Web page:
Student Veterans No Longer Filling That Last 10%
by Becky Klein-Collins on Dec 12, 2022
Notes on the Closing of the 90/10 Loophole
Veterans have long been a target for postsecondary education recruitment. They bring a lot of great experience and perspectives to the classroom, they are often highly engaged learners, and - let's just be frank - they come with GI Bill tuition benefits. This has resulted in some colleges and universities engaging in targeted marketing to veterans. In October 2022, the U.S. Department of Education finally closed the '90/10 Loophole' that created an additional incentive for for-profit institutions to recruit veterans for their GI Bill tuition benefits.
Developing a focused recruitment strategy for veteran students isn't inherently bad, but some institutions have done so without a real plan for how to support these students once they enroll, and this has led to many veterans exhausting their tuition benefits with little to show for it in the end.
The need for a change in the 90/10 rule has been on the agendas of many student veteran advocates for the last decade. This is, perhaps, a lesson in how a good and well-intentioned policy (the GI Bill and its successor, the Post 9/11 GI Bill) can sometimes have unintended negative consequences - but then can be fixed!
First, a Little History
Veterans have long had access to educational benefits through the many variations of the GI Bill. The most significant recent version is the Post 9/11 GI Bill. Back in 2008, as the country was still engaged in wars in Iraq and Afghanistan, service members were rewarded with greatly improved benefits through the Post-9/11 Veterans Educational Assistance Act of 2008, a.k.a. the Post-9/11 GI Bill. This act improved overall education tuition benefits, established the Yellow Ribbon program that created a cost-sharing way for veterans to attend more expensive private colleges, provided a monthly living stipend while service members/veterans were enrolled, and much more.
The Post 9/11 GI Bill in the Early 2010s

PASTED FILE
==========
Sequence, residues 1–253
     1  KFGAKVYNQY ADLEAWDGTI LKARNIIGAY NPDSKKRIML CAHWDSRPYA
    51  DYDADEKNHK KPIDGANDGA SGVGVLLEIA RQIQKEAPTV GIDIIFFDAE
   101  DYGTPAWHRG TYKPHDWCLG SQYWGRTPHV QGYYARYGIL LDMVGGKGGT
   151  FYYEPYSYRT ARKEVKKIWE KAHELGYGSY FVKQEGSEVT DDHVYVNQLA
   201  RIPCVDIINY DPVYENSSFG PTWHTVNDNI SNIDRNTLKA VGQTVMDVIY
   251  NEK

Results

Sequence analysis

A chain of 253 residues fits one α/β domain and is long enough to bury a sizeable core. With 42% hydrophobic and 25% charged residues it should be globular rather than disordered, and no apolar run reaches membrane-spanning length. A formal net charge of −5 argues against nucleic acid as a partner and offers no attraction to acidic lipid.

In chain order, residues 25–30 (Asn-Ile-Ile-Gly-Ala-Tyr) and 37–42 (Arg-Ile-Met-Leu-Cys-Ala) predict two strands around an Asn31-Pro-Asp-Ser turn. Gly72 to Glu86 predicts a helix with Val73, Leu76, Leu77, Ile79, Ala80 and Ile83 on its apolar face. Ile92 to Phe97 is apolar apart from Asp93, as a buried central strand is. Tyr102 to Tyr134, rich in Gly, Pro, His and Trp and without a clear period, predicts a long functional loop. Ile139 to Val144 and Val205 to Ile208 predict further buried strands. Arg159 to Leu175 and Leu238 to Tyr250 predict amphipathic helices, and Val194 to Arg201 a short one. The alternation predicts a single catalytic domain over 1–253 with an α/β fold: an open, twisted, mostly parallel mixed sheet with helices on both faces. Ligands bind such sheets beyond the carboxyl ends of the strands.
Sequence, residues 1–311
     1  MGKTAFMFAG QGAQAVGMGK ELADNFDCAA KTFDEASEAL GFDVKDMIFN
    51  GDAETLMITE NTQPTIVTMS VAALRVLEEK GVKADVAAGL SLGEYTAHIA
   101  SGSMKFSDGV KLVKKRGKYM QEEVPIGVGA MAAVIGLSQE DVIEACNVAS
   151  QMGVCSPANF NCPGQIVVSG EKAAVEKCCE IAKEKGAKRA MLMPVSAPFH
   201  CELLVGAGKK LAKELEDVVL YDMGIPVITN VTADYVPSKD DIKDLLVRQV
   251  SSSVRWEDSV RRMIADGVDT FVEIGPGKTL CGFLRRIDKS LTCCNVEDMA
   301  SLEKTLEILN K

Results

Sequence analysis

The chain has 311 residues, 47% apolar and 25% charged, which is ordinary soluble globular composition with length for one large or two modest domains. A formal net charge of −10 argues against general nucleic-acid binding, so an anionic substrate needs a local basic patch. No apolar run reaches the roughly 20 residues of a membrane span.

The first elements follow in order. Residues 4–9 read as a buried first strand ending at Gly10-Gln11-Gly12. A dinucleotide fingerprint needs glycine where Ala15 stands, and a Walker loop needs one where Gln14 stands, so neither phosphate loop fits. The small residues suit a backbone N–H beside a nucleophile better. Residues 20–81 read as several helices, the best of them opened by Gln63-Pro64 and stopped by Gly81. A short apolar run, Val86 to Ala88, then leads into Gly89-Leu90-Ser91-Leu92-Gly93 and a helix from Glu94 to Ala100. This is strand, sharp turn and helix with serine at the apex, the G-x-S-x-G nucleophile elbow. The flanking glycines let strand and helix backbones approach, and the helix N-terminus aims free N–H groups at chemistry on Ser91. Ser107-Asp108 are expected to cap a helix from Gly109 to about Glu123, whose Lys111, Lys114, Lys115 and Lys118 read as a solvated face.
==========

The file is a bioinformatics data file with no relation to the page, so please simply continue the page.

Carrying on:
The Post-9/11 GI Bill had good timing to support an influx of veterans in higher education. In the first several years after its passage, Americans were dealing with the Great Recession and its high unemployment rates just as hundreds of thousands of service members were being discharged after their service (often after multiple overseas deployments to war zones). With civilian jobs in short supply, and the promise of good careers made possible through a college degree, many new veterans opted for an educational path as the first step in their transition to civilian life, particularly since it came with a GI Bill-funded living stipend.
Colleges and universities started to see more and more veterans enrolling in postsecondary programs, and these institutions often struggled to know how to support these student veterans. Organizations like CAEL stepped in and provided support to these colleges on how to provide a welcoming environment for student veterans, how to understand the culture changes they experience, how to help them maximize their combined benefits, how to connect them with enhanced support services, and how to help them leverage their military skills and knowledge through credit for prior learning programs. (We also host several veteran-focused sessions and a veterans-focused pre-conference session at CAEL's annual Conference.)